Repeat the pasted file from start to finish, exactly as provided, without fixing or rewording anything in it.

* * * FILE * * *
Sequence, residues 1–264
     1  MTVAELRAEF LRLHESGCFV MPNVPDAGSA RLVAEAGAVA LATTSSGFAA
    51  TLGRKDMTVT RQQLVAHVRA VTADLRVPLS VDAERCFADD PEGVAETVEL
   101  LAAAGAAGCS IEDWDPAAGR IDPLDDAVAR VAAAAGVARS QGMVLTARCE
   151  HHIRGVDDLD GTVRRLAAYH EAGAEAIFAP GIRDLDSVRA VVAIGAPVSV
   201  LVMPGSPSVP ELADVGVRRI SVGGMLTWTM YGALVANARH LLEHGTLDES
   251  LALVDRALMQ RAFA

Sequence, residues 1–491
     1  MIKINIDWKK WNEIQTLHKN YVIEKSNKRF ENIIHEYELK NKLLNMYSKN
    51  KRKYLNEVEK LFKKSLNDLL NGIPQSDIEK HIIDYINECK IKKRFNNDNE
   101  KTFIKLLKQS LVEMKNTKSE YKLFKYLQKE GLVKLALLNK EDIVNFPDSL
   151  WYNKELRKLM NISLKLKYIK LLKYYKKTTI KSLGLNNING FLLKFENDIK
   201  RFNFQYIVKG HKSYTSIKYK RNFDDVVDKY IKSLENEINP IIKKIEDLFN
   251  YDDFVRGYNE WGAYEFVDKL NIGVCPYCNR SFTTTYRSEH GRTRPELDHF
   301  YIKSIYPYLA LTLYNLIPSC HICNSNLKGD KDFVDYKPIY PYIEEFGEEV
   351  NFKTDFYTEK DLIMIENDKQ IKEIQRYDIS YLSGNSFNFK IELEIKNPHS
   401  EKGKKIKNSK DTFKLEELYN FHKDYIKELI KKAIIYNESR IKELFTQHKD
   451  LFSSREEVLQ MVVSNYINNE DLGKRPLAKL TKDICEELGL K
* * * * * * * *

Sequence, residues 1–264
     1  MTVAELRAEF LRLHESGCFV MPNVPDAGSA RLVAEAGAVA LATTSSGFAA
    51  TLGRKDMTVT RQQLVAHVRA VTADLRVPLS VDAERCFADD PEGVAETVEL
   101  LAAAGAAGCS IEDWDPAAGR IDPLDDAVAR VAAAAGVARS QGMVLTARCE
   151  HHIRGVDDLD GTVRRLAAYH EAGAEAIFAP GIRDLDSVRA VVAIGAPVSV
   201  LVMPGSPSVP ELADVGVRRI SVGGMLTWTM YGALVANARH LLEHGTLDES
   251  LALVDRALMQ RAFA

Sequence, residues 1–491
     1  MIKINIDWKK WNEIQTLHKN YVIEKSNKRF ENIIHEYELK NKLLNMYSKN
    51  KRKYLNEVEK LFKKSLNDLL NGIPQSDIEK HIIDYINECK IKKRFNNDNE
   101  KTFIKLLKQS LVEMKNTKSE YKLFKYLQKE GLVKLALLNK EDIVNFPDSL
   151  WYNKELRKLM NISLKLKYIK LLKYYKKTTI KSLGLNNING FLLKFENDIK
   201  RFNFQYIVKG HKSYTSIKYK RNFDDVVDKY IKSLENEINP IIKKIEDLFN
   251  YDDFVRGYNE WGAYEFVDKL NIGVCPYCNR SFTTTYRSEH GRTRPELDHF
   301  YIKSIYPYLA LTLYNLIPSC HICNSNLKGD KDFVDYKPIY PYIEEFGEEV
   351  NFKTDFYTEK DLIMIENDKQ IKEIQRYDIS YLSGNSFNFK IELEIKNPHS
   401  EKGKKIKNSK DTFKLEELYN FHKDYIKELI KKAIIYNESR IKELFTQHKD
   451  LFSSREEVLQ MVVSNYINNE DLGKRPLAKL TKDICEELGL K